“Hey, daddy! Look! There’s a turtle sitting by our front door,” one of my children announced excitedly on a hot afternoon in May.
Florida is wild. You can hardly set foot outside your front door without stepping on something squirmy or slithery. And while most people probably know about the alligators, the turtles, the humidity, and the Florida Man, if you don’t live here, you’re probably not as familiar with our vegetation.
In the spring and summer, the grasses and bushes and vines don’t just seem alive, they seem possessed. The relentless afternoon thunderstorms and blazing sun turn normal plants into tangled masses of rage, seemingly intent on taking over the earth.
The tree in my front yard is a prime example of this. It has been completely overrun by the honeysuckle vine that engulfs my neighbor’s fence. The situation started getting out of hand about two years ago when our old neighbor moved away.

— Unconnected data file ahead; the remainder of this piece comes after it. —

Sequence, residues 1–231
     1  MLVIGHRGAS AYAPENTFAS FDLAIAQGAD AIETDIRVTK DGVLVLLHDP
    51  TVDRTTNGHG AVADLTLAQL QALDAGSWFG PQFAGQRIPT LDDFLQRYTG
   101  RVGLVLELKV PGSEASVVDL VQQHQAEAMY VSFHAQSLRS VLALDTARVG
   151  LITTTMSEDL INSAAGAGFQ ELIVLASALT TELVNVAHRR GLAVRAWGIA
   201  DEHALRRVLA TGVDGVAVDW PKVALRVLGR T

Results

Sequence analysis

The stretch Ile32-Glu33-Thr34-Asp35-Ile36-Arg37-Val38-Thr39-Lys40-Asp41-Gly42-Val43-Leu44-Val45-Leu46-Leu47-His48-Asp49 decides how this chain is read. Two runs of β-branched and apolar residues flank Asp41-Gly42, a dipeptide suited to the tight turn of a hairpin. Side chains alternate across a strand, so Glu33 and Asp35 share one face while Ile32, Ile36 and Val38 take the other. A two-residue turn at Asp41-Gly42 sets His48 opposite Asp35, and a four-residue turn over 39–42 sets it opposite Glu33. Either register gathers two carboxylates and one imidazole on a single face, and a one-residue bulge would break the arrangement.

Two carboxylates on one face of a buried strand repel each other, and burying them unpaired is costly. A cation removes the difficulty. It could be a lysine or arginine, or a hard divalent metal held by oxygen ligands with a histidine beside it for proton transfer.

When we first moved in, our neighbor had taken charge of keeping the honeysuckle in check. Though we lived side-by-side for two or three years, I don’t think we ever conversed. I would see him outside my window every month, an older man moving slowly but athletically, making his way along the fence beside our driveway, trimming the intrepid vines with an electric hedge trimmer. Methodically, he would rake up the fallen clippings, effortlessly imposing order on the chaos.
Suddenly, a “for sale” sign appeared in his front yard and soon he was gone. The new occupants also keep to themselves, perhaps even more so than he did. The only disappointment was that they were completely unconcerned about the honeysuckle. The vines grew and grew and grew. Occasionally, I got up the nerve to take a few hacks at the knot of greenery, but I don’t have any cool electrical tools and am super unmotivated, so the honeysuckle took over. It owned the yard; we became the tenants.
Florida is wild and chaotic, and, though I’m a native Floridian, I am anything but.